Roche Drops Illumina Bid on Concerns of Flawed Technology
Roche Holding AG (ROG) is abandoning a $6.7 billion bid for Illumina Inc. (ILMN) because investors are concerned the U.S. company’s gene-mapping technology may go the way of the 8-track or the floppy disc.
Roche Chairman Franz Humer, whose initially hostile overtures months later yielded successful takeovers of Genentech Inc. and Ventana Medical Systems Inc., failed to entice the San Diego-based company into negotiations. The Swiss drugmaker said yesterday it won’t extend a sweetened offer after its proposals were rejected at a meeting of Illumina’s shareholders.
Roche’s refusal to pay a higher price may signal that investors aren’t sure Illumina will emerge as the leader in a race to introduce faster, cheaper, gene-sequencing instruments. New products announced in the past three months from Oxford Nanopore Technologies Ltd. and Life Technologies Corp. (LIFE) may overtake Illumina’s as the standard for researchers, Roche has said. Illumina also is more optimistic about its own business than analysts, Roche said.
“A lot of people in the sequencing industry really don’t know which technology is going to win in the end,” said Jack Scannell, a London-based analyst with Sanford C. Bernstein Ltd. “That spooked a lot of Roche shareholders. There is a huge amount of caution that you end up buying Betamax and not VHS.”
Shares of Basel, Switzerland-based Roche rose 0.9 percent to 164.40 Swiss francs in Zurich. Illumina fell 0.9 percent to $44.12 at 11:46 a.m. in New York. Illumina shares sank below the offer price for the first time last week and continued the decline as investors grew concerned Roche would abandon the deal if Illumina didn’t agree to start discussions. Roche’s offer expires at 6 p.m. New York time tomorrow.
“I don’t see many possibilities for reconciliation at this point,” Ben Kelly, an event-driven analyst at Louis Capital Markets LP in London, said in an interview.
Roche pursued Genentech for about eight months and spent $46.8 billion for the 44 percent of the biotechnology company that it didn’t already own. Roche proposed $89 a share in July 2008, and began a hostile tender offer at a reduced price of $86.50. The company then raised the bid twice, to $95 a share, to eventually win support from Genentech’s board.
Roche waited seven months to raise a hostile $75-a-share bid for Ventana. The maker of diagnostic tests for cancer agreed to sell in January 2008 after Roche raised the bid 19 percent to $89.50.
Bid for Illumina
The Swiss drugmaker made a hostile bid for Illumina in January and raised it on March 29, less than a third of the time Humer and Chief Executive Officer Severin Schwan took to raise the bids for their last two large hostile takeovers. While investors expected Roche would use the same tactic this time, Illumina proved a harder sell, said Marc Booty, who helps oversee more than $100 billion, including Roche shares at Pictet Asset Management Ltd.
“Ventana was the leader in its field and there was a scarcity of assets at the time,” Booty said. “With Genentech, they were already the majority owner, so it’s apples and oranges. With Illumina, it’s the first technology that can be commercialized, but it’s not the only game in town.”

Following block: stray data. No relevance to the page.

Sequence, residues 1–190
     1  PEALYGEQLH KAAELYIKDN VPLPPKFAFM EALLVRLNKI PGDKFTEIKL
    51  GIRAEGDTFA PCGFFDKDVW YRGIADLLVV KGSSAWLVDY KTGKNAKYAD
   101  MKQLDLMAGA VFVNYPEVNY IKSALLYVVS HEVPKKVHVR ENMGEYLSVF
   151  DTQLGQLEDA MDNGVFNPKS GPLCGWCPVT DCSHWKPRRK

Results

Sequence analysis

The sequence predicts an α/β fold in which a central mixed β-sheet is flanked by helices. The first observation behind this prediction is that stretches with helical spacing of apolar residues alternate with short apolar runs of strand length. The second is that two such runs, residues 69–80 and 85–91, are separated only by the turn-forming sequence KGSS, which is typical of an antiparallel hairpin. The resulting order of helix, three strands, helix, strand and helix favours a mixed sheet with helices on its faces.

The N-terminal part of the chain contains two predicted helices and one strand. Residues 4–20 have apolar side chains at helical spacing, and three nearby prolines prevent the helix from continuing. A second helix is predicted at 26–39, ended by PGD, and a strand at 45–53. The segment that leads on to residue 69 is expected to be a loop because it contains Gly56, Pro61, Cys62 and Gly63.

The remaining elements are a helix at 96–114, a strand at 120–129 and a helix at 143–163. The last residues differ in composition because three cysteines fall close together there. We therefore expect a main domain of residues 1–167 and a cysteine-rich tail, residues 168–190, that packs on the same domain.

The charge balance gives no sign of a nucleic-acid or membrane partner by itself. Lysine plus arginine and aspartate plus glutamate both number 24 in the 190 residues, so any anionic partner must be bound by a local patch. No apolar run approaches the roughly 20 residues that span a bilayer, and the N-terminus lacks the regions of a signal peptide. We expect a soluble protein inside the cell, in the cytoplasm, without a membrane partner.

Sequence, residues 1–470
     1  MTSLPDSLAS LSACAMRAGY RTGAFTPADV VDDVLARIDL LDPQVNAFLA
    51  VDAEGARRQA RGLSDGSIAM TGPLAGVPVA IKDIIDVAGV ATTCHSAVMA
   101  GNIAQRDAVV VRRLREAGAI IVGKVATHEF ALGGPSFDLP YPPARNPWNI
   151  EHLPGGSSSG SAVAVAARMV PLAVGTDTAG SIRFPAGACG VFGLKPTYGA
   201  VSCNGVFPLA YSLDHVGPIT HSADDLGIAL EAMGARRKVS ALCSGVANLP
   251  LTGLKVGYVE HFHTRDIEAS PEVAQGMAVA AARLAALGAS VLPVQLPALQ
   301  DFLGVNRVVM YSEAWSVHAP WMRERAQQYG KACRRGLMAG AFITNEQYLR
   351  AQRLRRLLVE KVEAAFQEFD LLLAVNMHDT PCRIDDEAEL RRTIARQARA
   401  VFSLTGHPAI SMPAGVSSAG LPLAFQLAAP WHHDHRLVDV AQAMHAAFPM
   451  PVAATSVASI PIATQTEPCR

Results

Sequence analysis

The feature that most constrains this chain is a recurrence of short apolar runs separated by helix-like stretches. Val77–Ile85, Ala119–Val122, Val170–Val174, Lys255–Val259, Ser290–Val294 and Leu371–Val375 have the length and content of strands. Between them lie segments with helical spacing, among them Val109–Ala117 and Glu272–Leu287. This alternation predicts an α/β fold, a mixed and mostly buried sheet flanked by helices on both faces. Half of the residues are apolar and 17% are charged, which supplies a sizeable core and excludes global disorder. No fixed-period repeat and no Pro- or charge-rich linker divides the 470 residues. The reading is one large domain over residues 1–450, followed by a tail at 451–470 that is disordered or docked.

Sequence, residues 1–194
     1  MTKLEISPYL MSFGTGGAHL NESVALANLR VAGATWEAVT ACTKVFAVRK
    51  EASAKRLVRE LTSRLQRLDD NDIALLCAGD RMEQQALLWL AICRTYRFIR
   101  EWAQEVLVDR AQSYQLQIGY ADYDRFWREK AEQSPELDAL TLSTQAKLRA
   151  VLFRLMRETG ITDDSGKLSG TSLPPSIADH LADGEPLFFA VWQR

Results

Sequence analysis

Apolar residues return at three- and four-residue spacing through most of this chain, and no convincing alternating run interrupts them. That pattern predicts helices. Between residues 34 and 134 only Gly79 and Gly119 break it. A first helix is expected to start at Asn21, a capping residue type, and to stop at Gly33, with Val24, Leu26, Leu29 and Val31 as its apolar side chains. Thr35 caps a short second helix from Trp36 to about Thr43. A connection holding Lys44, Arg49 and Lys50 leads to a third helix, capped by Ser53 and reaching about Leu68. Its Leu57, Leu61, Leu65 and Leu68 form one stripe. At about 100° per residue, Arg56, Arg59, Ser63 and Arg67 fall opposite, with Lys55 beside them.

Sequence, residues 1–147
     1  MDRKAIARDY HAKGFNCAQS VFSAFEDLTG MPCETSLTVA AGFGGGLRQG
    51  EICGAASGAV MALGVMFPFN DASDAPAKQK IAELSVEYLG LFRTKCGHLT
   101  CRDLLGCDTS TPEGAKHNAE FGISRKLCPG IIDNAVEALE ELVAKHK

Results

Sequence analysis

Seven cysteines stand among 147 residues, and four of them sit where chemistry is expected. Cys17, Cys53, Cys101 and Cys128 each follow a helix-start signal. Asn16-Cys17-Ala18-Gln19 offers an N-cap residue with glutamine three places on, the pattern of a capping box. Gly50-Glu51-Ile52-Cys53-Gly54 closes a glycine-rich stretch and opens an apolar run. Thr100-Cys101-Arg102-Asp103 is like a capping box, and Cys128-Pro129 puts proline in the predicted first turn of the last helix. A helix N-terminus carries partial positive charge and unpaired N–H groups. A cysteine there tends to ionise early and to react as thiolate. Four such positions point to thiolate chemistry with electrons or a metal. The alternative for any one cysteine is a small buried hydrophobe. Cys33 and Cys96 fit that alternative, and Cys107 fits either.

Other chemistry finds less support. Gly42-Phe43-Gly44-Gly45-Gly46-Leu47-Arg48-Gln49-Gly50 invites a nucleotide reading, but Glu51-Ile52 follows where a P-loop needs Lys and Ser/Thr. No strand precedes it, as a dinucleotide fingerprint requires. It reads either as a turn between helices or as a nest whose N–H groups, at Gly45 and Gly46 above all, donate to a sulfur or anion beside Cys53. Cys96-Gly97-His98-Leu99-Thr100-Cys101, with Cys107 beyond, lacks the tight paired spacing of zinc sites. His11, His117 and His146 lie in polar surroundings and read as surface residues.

Roche probably won’t try to buy another gene-sequencing company, said Martin Voegtli, an analyst at Kepler Capital Markets in Zurich.
No Alternative Purchases
“We won’t see that in the near future,” Voegtli said in an interview, adding that Roche may seek collaborations instead. “They’ve already screened the landscape, they saw that Illumina has come up with the most interesting and advanced technology, so they would lose quite a bit of reputation if they just turned around and bought something else.”
Roche said its offer represented a premium of 88 percent over Illumina’s closing stock price of $27.17 on Dec. 21, the day before market rumors about a potential transaction drove Illumina’s stock price higher. Illumina yesterday said it was pleased that Roche won’t extend the bid, which the U.S. company had called “grossly inadequate.”
Roche’s effort to use a proxy fight to force negotiations ended yesterday when Illumina won the support of shareholders for its slate of directors, based on preliminary estimates at the company’s annual meeting in New York. Shareholders also rejected Roche’s attempt to expand Illumina’s board to 11 from nine members.
‘Could Fit in Here’
“It would have given them an edge as diagnostic paradigms evolved, but that was a 5- to 10-year view,” Booty said. “This was a ‘this could fit in here and maintains our competitive edge in the commercial lab space’ as opposed to a ‘we need this to plug a hole now.’”
Roche may return with its $51-a-share offer if things don’t go well for Illumina over next year, said Bryan Brokmeier from Maxim Group.
“I don’t think Roche has completely given up,” Brokmeier said. “They may come back with an offer if Illumina shares don’t move higher and shareholders see that they shouldn’t have walked away, or if Illumina comes out with better news on its pipeline and greater information.”
Booty, the Roche investor, said it’s unlikely Illumina investors would warm to Roche’s offer after maintaining it undervalued the company.
“I’m happy to see Roche walk away,” Booty said. “In the low 50s, it was a workable deal but it had created an overhang, and now focus can return to the underlying business.”
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